One of the constant themes of coverage was scorn, bordering on contempt, for the notion that the Taliban might cooperate with the U.S. government in the evacuation. No matter how many times press secretaries for the Pentagon, White House and State Department explained that the administration was in constant conversation to “deconflict” with the Taliban, and no matter how many thousands of evacuees went through Taliban checkpoints, reporters sneered. Why are we trusting the Taliban? Who decided to outsource our protection to the Taliban?
Certainly, the Taliban has been a vicious group trying to enforce religious fanaticism by force. But it now also has to fight off Islamic State-Khorasan and figure out how to run a fractured country. Measured voices — including Aaron David Miller, former Middle East negotiator for the State Department — patiently explained that no one really knows if we are dealing with Taliban “1.0, 2.0 or 3.0.” Wait, facts should inform our opinions and decisions? What a concept.
Press secretaries, generals, the national security adviser and others explained again and again that the administration doesn’t trust the Taliban, but that the United States and the Taliban have a mutual interest in a successful withdrawal. Despite obvious evidence of cooperation, former administration officials denounced the suggestion that practical self-interest (getting the United States out) could trump ideology. H.R. McMaster, retired Army lieutenant general and national security adviser to President Biden’s predecessor, scorned the idea.
In fact, the commentary was off-base. Now actual reporting is filling in the gaps to provide a fuller picture of the Taliban’s actions. CNN reported, “The U.S. military negotiated a secret arrangement with the Taliban that resulted in members of the militant group escorting clusters of Americans to the gates of the Kabul airport as they sought to escape Afghanistan, two defense officials told CNN.” The report continued: “The officials said Americans were notified to gather at preset ‘muster points’ close to the airport where the Taliban would check their credentials and take them a short distance to a gate manned by American forces who were standing by to let them inside amid huge crowds of Afghans seeking to flee.” No wonder military officials described the Taliban’s conduct as “professional.”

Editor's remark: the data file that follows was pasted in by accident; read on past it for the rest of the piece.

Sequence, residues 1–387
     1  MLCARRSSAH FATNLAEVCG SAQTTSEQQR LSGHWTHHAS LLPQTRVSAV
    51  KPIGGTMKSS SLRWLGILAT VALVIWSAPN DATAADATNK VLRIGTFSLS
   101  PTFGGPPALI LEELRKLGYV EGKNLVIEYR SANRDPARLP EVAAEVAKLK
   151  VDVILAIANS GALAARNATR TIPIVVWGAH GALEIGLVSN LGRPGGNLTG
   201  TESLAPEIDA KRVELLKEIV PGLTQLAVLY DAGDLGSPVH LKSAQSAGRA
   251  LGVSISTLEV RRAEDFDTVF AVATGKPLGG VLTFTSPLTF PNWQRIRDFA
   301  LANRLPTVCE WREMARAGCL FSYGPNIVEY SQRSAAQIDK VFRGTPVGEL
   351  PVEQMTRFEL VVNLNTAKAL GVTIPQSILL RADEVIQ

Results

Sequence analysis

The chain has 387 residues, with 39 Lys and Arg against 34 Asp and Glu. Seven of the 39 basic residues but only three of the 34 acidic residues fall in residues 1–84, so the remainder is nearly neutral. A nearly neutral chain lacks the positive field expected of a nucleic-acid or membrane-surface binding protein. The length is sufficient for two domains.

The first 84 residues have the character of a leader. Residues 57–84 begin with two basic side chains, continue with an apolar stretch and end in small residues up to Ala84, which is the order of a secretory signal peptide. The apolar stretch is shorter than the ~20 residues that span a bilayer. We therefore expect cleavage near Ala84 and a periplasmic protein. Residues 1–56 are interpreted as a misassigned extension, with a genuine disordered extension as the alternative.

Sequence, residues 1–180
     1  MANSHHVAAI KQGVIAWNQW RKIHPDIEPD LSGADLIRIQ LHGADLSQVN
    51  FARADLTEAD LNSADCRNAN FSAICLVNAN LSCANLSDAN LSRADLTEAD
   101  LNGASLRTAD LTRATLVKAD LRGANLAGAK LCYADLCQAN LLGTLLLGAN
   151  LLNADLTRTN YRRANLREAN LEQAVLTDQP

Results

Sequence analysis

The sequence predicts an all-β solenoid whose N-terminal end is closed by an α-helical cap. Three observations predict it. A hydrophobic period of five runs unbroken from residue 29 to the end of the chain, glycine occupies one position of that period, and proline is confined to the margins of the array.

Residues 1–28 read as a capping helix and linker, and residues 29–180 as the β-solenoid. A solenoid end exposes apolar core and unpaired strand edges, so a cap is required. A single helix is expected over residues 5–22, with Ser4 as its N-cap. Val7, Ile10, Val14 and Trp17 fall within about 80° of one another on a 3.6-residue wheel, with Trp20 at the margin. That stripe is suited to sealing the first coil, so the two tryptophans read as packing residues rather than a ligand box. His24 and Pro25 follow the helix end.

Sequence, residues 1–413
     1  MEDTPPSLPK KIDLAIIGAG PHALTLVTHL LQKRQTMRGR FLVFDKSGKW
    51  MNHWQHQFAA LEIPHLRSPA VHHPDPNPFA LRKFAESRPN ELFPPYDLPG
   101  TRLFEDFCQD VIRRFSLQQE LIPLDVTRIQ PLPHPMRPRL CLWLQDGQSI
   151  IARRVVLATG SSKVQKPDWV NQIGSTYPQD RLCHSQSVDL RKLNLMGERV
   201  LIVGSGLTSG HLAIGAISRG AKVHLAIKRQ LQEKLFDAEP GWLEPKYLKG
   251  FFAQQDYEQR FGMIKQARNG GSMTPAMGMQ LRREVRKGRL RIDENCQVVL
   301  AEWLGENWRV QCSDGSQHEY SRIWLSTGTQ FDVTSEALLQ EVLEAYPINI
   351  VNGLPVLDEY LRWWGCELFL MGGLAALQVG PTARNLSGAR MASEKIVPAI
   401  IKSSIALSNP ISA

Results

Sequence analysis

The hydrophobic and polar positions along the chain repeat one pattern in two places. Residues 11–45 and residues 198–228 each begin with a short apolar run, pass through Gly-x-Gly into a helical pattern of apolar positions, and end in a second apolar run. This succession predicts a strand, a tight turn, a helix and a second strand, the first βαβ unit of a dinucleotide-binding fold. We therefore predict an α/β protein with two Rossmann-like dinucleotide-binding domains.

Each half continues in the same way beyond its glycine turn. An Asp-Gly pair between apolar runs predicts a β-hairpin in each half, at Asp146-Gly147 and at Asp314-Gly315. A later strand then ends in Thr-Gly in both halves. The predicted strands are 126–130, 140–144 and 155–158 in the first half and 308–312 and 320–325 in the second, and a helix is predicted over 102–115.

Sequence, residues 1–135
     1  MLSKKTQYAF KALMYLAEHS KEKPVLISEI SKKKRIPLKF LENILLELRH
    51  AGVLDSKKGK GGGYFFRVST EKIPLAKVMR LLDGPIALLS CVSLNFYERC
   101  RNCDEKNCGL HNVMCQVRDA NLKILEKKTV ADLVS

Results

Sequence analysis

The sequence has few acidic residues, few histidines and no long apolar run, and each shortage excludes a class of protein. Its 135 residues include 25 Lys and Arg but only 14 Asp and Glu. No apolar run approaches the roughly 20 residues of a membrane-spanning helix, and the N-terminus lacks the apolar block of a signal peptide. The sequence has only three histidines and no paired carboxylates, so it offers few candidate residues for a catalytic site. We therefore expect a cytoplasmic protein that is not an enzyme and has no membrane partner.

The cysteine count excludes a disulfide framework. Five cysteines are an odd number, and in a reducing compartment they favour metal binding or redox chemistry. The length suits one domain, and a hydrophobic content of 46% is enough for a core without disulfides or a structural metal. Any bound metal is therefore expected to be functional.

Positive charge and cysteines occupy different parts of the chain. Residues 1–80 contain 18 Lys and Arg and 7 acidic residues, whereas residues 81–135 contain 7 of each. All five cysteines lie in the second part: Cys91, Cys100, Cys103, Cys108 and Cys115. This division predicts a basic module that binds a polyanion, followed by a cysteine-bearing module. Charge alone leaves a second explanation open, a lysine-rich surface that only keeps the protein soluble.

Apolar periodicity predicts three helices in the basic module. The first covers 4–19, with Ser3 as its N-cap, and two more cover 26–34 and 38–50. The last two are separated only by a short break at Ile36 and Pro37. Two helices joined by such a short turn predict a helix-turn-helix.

NBC News added to the portrait: “Less than 24 hours before the U.S. completed its withdrawal from Afghanistan, the Taliban stopped a bus headed for the Kabul airport and forced all the passengers off, saying the bus might be rigged with explosives and that it had two possible suicide attackers on board, according to the account of a U.S. citizen who was on the bus. The U.S. citizen, whose name NBC News is withholding for security reasons, was on the bus with his six daughters Sunday when Taliban fighters stopped it at the Panjsher Pumping Station just outside the airport, two people familiar with the account said. The Taliban told everyone to get off.” They stayed hidden until they got the all-clear.
NBC also reported: “For more than a week, militants who fought the U.S. for two decades drove Americans through checkpoints, cleared streets so Americans could pass safely and even carried luggage to the airport gates, the officials said. They may have also prevented some attacks, officials said, although the three senior defense officials were unfamiliar with the bus incident.”
This is just one example of many in which arrogant pundits without a military background (let alone access to current intelligence), former national security officials seeking to exonerate themselves and think tank commentators who cheered for the 20-year war operated in a largely fact-free environment. The narrative that the operation was a failure was set at the beginning of the crisis. Instead of allowing reporting to inform the commentary, commentary took fanciful leaps across the media.
Cable TV news outlets as well as online and print media would do well to engage in their own self-reflection of their coverage over the past two decades, often spoon-fed by defenders of the war. Over the past two weeks, cynicism and punditry regularly took the place of fact-based reporting. Especially when it comes to a foreign policy crisis, the media cannot simply rely on the same White men who drove policy (poorly) for takes, especially without disclosing their ties to defense contractors.
The country could have done without the ill-conceived second-guessing disguised as analysis from supposedly neutral reporters. This coverage did not serve to inform or contextualize events. In that regard, members of the media join the list of Americans who might take a moment to consider their errors and excesses.